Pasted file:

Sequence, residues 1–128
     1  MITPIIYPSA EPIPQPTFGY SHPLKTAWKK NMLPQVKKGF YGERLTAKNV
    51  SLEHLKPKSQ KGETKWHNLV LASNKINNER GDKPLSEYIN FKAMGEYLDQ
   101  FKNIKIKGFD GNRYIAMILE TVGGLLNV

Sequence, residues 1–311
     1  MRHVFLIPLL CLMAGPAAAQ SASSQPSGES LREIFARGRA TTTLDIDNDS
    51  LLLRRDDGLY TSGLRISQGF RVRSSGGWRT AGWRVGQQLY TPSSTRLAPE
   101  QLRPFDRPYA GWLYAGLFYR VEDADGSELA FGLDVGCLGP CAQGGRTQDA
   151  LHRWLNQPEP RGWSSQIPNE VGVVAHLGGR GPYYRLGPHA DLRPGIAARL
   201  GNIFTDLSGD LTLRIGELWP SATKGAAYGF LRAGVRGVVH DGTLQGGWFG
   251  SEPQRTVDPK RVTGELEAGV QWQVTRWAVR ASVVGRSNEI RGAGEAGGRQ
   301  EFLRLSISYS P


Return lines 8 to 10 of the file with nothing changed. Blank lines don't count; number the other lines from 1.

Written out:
   101  QLRPFDRPYA GWLYAGLFYR VEDADGSELA FGLDVGCLGP CAQGGRTQDA
   151  LHRWLNQPEP RGWSSQIPNE VGVVAHLGGR GPYYRLGPHA DLRPGIAARL
   201  GNIFTDLSGD LTLRIGELWP SATKGAAYGF LRAGVRGVVH DGTLQGGWFG